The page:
“Existing zoning restrictions or special permit requirements limit available uses and may affect the fair market value of property.”  Douglas Envtl. Assocs., Inc. v. Department of Envtl. Protection, 429 Mass. 71, 76 (1999).  “However, the fact that a potential use is prohibited or restricted by law at the time of the taking does not preclude its consideration if there was a reasonable prospect of rezoning or acquiring a special permit.”  Ibid.

To be sure, “[a] judge has a ‘range of discretion’ in deciding whether to admit evidence that a potential use is reasonably likely in the foreseeable future,” particularly when that determination turns on whether the grant of a special permit is reasonably likely.  Boston Edison, 459 Mass. at 732, citing D’Annolfo v. Stoneham Hous. Authy., 375 Mass. 650, 656 (1978).  The task for the judge is to “avoid unreasonably restricting the efforts of the owner fairly to show the effect of the taking upon the market value of the affected property at the time of the taking . . . without permitting damages to be inflated by unduly detailed and confusing proof of speculative future uses of property having no very direct relationship to market values at the time of the taking.”  Boston Edison, 459 Mass. at 732, quoting from Aselbekian, 341 Mass. at 401.[5]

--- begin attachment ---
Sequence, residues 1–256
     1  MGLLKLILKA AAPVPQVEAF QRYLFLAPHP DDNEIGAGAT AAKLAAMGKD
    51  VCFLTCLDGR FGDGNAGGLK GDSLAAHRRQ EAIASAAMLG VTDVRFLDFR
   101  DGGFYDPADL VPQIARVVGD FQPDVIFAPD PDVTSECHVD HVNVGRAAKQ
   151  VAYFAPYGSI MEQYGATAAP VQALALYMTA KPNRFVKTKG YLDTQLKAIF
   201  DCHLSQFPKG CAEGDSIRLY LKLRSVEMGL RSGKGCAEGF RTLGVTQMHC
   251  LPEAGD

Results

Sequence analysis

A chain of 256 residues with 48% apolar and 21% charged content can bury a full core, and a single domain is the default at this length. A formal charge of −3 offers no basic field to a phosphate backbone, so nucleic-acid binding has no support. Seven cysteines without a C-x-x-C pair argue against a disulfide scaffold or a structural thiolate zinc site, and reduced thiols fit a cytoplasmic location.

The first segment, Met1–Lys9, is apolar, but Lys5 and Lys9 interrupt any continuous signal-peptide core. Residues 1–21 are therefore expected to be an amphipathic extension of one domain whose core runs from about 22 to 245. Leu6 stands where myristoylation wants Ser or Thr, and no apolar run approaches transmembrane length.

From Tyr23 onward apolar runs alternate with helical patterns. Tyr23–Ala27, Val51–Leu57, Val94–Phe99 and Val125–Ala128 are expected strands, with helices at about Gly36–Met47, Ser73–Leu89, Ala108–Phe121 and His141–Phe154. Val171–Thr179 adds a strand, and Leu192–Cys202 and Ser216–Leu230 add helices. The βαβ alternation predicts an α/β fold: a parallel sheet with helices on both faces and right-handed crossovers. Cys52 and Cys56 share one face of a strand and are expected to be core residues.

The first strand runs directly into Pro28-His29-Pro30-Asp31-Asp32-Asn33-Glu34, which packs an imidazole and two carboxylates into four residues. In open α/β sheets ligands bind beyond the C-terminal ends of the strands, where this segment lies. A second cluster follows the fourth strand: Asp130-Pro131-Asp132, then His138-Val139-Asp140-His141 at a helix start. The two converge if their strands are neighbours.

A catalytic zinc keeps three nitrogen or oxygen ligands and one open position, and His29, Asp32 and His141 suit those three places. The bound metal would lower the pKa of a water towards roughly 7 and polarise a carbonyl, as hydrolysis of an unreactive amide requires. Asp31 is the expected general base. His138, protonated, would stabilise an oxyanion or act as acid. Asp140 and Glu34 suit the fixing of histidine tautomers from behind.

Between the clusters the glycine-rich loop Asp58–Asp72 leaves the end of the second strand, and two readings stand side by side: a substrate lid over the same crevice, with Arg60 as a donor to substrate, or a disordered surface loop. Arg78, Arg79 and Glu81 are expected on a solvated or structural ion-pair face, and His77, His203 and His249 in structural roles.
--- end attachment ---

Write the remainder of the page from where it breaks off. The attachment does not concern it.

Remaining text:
Consideration of potential uses.  Here, at the time of the taking, a modern professional football stadium was being constructed across the street from the plaintiffs’ property.  In addition, zoning had been put in place with a stated goal of allowing regulatory flexibility in facilitating economic development of the “Route One corridor” in which the taken property was located.  There is little question that at the time of the taking, a reasonable buyer would have explored how the plaintiffs’ property could be developed in determining how much to pay for it.  Even the Commonwealth’s expert testified that performing due diligence prior to purchasing property is very important and would include “[l]ooking into zoning and what uses may or may not be allowed on the property.”  Thus, whether the property is properly valued as a whole or by the lot approach, its value could be enhanced by consideration of the range of uses that would potentially be allowed on the property.  See id. at 400.  The Commonwealth’s insistence that the historical use of the property controls its value is misplaced.